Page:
Marti Schodt
November 11, 2014 6:00 am

Today is Veteran’s Day, a day to honor our heroes, past and present, female and male, living and deceased, and thank them for protecting our country’s freedom and our future. Veteran’s Day is also a chance to reflect on the history of our country and consider the steps and sacrifices our ancestors made to give us a nation of free speech, free religion, free press, and free WiFi in many conveniently located shopping centers. I love the United States of America, and I am forever thankful to all the veterans out there who made it possible for me to sit in my PJs and write this ode to one of my favorite, and one of the most kickass, lady veterans: Deborah Sampson.

Sampson was born in 1760 in Plympton, Massachusetts to Jonathan and Deborah Bradford Sampson. While the Sampsons were direct descendants of original colonists (her mother was a descendant of William Bradford, a signer of the Mayflower Compact!), they were very poor, and when Sampson’s father failed to return home from a sea voyage, her mother was forced to distribute her seven children among various neighbors and friends in the hopes that they would have a better life.

Sampson spent five years in many different households before becoming an indentured servant to Deacon Benjamin Thomas at the age of 10. Sampson spent the next eight years helping not just with the housework, but also working the fields and teaching herself to read and write. At age 18, when Sampson’s servitude ended, she left the Thomas house strong, educated, and determined.

To support herself, Sampson worked as a teacher in the summer months and a weaver in the winter. Yet, even with two jobs, she struggled to make ends meet. Around this time, Sampson’s mother tried to convince her to marry a rich suitor and settle down to start a family. Sampson decided she’d rather fight.

In 1780, when America. was deep in the throes of the American Revolution, Deborah Sampson sewed herself a coat, taped down her breasts, and enlisted in the 4th Massachusetts regiment under the alias Robert Shurtliff. Now keep in mind that this was not only dangerous, but highly, perilously illegal at the time. Sampson didn’t care, she was going to kick some British butt, and no little law was going to stop her.

At 5 foot 7, and with undercover boobs, Sampson was able to blend in with her male comrades. While they did mock her for her lack of facial hair, they never doubted her strength, resolve, or military competency. Sampson embarked on many campaigns and fought several battles, even partaking in some hand-to-hand combat. This is even more remarkable when you consider that she was critically injured in her very first battle, but marshaled on, pulling two musket balls from her thigh with a penknife and a sewing needle. If I haven’t made this clear already, Deborah Sampson was a badass.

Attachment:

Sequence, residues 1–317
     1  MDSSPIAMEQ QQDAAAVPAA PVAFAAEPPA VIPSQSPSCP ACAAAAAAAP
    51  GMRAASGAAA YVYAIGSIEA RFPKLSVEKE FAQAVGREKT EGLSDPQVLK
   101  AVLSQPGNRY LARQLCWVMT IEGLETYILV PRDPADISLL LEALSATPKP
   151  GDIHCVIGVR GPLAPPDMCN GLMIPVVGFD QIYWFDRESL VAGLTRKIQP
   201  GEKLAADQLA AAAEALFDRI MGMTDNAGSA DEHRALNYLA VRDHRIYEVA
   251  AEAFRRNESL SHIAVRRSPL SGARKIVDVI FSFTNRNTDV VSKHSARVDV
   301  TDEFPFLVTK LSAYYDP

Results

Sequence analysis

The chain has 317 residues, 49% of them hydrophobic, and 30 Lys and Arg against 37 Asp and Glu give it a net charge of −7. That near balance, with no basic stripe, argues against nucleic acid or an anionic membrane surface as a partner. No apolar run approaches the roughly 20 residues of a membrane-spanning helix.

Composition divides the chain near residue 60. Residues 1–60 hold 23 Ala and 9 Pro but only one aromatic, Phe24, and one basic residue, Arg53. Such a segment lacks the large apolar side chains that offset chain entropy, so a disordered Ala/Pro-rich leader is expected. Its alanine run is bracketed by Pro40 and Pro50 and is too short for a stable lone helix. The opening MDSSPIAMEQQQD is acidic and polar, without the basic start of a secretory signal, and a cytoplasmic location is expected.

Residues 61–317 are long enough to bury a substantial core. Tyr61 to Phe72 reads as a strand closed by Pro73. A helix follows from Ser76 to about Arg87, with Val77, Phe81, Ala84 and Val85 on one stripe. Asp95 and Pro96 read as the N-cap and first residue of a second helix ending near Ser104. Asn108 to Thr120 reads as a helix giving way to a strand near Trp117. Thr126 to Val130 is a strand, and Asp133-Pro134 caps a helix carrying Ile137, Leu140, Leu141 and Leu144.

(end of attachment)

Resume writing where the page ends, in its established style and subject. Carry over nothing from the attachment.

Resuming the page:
Eventually Sampson’s secret got out when she caught a fever and was admitted to the care of Dr. Barnabas Binney. Binney removed her clothes to treat her and discovered that she had breasts and was therefore, most likely, female. However, Binney kept her secret to himself and arranged for Sampson to have an honorable discharge so she could fully recover.

After the war ended Sampson married farmer Benjamin Gannett and gave birth to three children: Earl, Mary, and Patience, and also adopted orphan Susanna Baker Shepard. Although the family subsisted on the profits of their farm, they lived in relative poverty. Sampson petitioned the Massachusetts State Legislature for pay that had been withheld from her because she was a woman. Her petition was approved and signed by Governor John Hancock.

Ten years later, Sampson became the first female lecturer in American history when she began traveling the nation and telling of her war experiences. She would spend the first part of her lectures praising the traditional gender roles of women, but then would return to the stage in full uniform and perform complex military maneuvers and drills.

In 1804, Sampson’s friend Paul Revere wrote a letter to Congress on her behalf requesting that Sampson be given a full military pension for her service. The pension was granted, and further pensions followed supporting Sampson as a veteran, and hero of the American Revolution.

So Happy Veteran’s Day to Deborah Sampson, and thank you for your tenacity, bravery, and strength. You go, girl.

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